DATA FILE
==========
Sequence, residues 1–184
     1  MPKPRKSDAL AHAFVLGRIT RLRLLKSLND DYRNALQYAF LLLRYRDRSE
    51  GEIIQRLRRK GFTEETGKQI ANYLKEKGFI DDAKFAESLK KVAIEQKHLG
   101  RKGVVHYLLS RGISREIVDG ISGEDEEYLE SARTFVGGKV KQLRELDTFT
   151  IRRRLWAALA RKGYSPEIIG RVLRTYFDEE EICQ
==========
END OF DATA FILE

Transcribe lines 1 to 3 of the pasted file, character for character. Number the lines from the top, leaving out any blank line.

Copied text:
Sequence, residues 1–184
     1  MPKPRKSDAL AHAFVLGRIT RLRLLKSLND DYRNALQYAF LLLRYRDRSE
    51  GEIIQRLRRK GFTEETGKQI ANYLKEKGFI DDAKFAESLK KVAIEQKHLG